Updated: Apr 2, 2019
The main topic this week for my Summer Challenge group is focus and re-focus. We usually start our day with a plan in mind and then that one little thing happens (something I like to refer to as "life") that pushes us clear off our path and into a ditch. When this happens, we have two choices: 1. Stay in the ditch and allow ourselves to get covered in debris. 2. Get out of the ditch and back on to the path. More times than not we tend to stay in that ditch and let the debris of life continue to cover us until it’s too hard to pick ourselves up to get back on the path. This is where focus and re-focus come in to play.
Focus is a lot harder than you think. We are constantly distracted by our phones, TV, people around us and other interruptions… or as I call it, “squirrel brain.” Let’s be honest, how many times have you gone online to look up something, for example, how many TBS are in a cup, then an hour later you find yourself reading about how in an aquatic traffic jam, alligators will give manatee the right of way, and before you know it, you can’t remember why you hopped online if the first place! GUILTY!!
Focus is a challenge of establishing and defining your priorities. You will find it more difficult to stick to your mission if you don’t have or want a particular outcome. That is where starting out your day with a written plan of action comes in to play.
Attention comes from intention. Focus demands a clear purpose.
Start your morning with your plan of action.
Write down goals, values and priorities.
Write down 3 things you want to accomplish that day.
Review your list and cross off everything you were able to accomplish. If you have items left over, add them to the top of the list for the next day.
Write down 3 things that you were proud of that you did that day.
Write down 3 things you want to accomplish tomorrow – this will be your new list for the next day that you will review first thing in the morning.
Often we find ourselves making decisions that feel impulsive or compulsive. A great example of this would be breaking in to that box of cookies you found hiding in the cabinet. Before you decide to give in to that compulsion, ask yourself if giving in to that impulse would be in-line with your goals.
What do I want right now? (In this example, it would be the cookies)
What do I ultimately want? (To improve my health, be proud of myself and to look good naked!)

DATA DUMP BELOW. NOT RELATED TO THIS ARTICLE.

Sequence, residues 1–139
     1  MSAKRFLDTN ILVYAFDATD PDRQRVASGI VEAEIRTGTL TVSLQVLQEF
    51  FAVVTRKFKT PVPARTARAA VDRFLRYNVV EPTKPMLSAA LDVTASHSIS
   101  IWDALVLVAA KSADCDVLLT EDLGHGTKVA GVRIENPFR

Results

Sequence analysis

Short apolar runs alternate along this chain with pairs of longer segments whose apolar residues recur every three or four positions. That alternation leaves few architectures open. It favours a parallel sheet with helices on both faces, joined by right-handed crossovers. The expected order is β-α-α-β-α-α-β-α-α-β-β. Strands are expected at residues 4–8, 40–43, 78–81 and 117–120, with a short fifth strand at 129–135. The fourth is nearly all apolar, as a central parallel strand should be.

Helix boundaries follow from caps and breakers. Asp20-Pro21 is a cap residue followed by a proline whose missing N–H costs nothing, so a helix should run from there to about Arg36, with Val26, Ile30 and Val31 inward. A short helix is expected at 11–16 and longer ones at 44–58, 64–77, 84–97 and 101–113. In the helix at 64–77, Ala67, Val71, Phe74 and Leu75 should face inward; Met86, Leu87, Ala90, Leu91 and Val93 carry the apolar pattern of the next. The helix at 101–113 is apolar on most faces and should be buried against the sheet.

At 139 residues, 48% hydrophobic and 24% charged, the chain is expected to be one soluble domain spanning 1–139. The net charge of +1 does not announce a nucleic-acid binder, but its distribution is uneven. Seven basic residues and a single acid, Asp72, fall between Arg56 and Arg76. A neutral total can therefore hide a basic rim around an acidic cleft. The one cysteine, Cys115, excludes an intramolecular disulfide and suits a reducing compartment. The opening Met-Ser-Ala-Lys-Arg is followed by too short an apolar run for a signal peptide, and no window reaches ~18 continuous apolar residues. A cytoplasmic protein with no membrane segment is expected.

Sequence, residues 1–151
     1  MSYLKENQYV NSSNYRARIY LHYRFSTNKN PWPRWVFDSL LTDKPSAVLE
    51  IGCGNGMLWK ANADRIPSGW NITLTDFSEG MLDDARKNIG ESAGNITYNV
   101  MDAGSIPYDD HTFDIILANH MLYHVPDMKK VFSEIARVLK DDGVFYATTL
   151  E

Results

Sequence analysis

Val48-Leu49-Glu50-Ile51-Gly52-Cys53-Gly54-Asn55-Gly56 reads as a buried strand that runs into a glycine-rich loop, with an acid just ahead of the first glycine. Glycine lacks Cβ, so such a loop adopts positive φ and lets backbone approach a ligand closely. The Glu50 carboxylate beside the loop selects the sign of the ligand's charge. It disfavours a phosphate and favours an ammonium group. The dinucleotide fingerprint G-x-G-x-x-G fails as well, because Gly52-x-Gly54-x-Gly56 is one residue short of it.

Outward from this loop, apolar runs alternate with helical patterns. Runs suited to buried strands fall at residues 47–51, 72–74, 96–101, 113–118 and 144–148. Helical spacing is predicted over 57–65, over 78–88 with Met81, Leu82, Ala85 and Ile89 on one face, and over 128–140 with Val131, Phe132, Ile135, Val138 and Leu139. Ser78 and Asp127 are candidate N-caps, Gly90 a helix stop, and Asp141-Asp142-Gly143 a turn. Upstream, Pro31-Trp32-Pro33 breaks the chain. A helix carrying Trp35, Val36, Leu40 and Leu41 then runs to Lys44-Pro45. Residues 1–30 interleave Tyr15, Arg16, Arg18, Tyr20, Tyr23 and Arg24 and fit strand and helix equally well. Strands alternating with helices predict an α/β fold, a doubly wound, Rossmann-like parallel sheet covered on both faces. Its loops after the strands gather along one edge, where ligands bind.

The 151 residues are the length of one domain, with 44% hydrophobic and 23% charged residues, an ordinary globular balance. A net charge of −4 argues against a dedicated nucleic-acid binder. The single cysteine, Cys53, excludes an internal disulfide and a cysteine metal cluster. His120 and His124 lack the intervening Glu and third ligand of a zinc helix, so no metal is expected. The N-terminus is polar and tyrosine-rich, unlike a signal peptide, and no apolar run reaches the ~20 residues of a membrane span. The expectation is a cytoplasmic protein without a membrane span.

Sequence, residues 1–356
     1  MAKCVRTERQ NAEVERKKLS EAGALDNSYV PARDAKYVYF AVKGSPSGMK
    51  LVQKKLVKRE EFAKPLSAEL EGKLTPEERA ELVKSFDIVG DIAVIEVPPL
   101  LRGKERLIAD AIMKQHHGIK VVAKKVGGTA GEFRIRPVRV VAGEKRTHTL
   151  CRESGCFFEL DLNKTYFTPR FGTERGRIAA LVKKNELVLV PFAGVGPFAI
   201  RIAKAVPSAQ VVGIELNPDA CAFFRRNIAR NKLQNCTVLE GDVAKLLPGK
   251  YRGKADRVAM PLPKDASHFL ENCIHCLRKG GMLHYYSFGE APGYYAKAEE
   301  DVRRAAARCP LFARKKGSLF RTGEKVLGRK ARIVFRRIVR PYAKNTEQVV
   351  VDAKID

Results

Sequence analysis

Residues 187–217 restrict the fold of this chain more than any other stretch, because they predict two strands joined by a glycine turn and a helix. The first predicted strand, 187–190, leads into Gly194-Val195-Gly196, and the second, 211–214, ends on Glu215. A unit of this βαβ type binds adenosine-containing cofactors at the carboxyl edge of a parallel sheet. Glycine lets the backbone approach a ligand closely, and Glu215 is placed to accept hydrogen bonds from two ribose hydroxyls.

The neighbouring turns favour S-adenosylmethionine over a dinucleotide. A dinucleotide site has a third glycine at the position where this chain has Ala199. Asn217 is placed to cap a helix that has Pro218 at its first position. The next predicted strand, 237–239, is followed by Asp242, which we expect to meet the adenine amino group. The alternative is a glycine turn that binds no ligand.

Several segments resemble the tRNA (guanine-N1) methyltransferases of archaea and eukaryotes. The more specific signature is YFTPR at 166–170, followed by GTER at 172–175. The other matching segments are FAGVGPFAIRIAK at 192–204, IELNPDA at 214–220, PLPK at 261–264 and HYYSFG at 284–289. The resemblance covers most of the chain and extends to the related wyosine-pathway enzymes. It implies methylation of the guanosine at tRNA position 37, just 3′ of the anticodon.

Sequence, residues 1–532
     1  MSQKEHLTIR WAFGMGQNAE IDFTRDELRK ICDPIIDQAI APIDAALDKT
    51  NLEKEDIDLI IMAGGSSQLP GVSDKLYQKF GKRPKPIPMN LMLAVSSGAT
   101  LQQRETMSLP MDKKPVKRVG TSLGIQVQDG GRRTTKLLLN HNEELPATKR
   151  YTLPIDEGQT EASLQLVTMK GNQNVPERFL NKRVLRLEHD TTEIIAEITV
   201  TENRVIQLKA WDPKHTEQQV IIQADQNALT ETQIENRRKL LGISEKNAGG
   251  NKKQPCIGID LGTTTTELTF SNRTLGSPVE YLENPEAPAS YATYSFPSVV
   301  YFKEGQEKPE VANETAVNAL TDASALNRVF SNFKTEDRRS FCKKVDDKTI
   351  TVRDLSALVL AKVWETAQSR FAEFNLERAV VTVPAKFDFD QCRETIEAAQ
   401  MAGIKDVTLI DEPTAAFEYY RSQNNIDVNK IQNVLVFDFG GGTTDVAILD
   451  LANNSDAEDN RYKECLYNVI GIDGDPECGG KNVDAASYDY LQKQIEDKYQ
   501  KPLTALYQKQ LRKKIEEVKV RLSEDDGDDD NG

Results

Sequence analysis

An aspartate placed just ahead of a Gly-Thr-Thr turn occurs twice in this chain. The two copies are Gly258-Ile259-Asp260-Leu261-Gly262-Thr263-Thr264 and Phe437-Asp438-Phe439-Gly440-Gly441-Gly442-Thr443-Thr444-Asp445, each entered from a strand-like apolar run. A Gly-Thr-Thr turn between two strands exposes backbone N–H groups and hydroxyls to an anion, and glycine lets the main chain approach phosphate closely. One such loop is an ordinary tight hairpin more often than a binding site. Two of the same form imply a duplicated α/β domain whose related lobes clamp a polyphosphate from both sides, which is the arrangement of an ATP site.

Am I willing to sacrifice my goals for what I want right now? (Do I want those cookies more than I want to look and feel good in a bathing suit?)
Could I wait a little while? (If you were to set a timer for 2 minutes, take a walk, call a friend, etc. could that little bit of distraction change your focus away from those cookies?)
Always have a plan of action!
Before you go to the grocery store, make a list and stick only to that list. Only give yourself 15 minutes to get in and out of the grocery store (set a timer on your watch!). In doing so, that will keep you out of the middle aisles where all the bad food items lurk!
At work, if you know that it’s donut day, avoid the breakroom! Out of sight, out of mind!
Eating your meals at the table vs. in front of the TV. If you’re a late-night TV snacker, don’t eat while on the couch while watching TV. This will unconsciously cause you to associate couch/TV with food which leads to mindless snacking.
Anticipate impulsive situations and plan for them ahead of time with a way to keep your focus on your priorities during these types of situations.
Practice the art of re-focus.
Find a way to help re-focus your attention to your goals and priorities when you get distracted. This could be something simple like:
Writing down your 3 main goals on a piece of paper and keeping it with you in your pocket.
Keeping your list in sight on your desk or fridge. Perhaps there’s a really awesome outfit that you’d love to fit in some day or a trip you’ve been dreaming of, cut it out and put it where it can be a constant reminder!
Set alarms or reminders on your phone to go off at certain times of the day where you find yourself most distracted.
Set your TV to turn off at a certain time or if you spend way too much time on your phone, download an app such as Moment or Flipd that track how much time you spend on your phone and allows you to set daily limits on yourself that will force you off if you’ve spent too much time.
Anticipate distractions and plan ahead! Don’t feel like you need to incorporate all of these tasks in to your daily life in order to succeed. Pick one that seems doable, try it for a week, master it and when you feel like it’s an engrained habit, pick something else to add to your focus arsenal!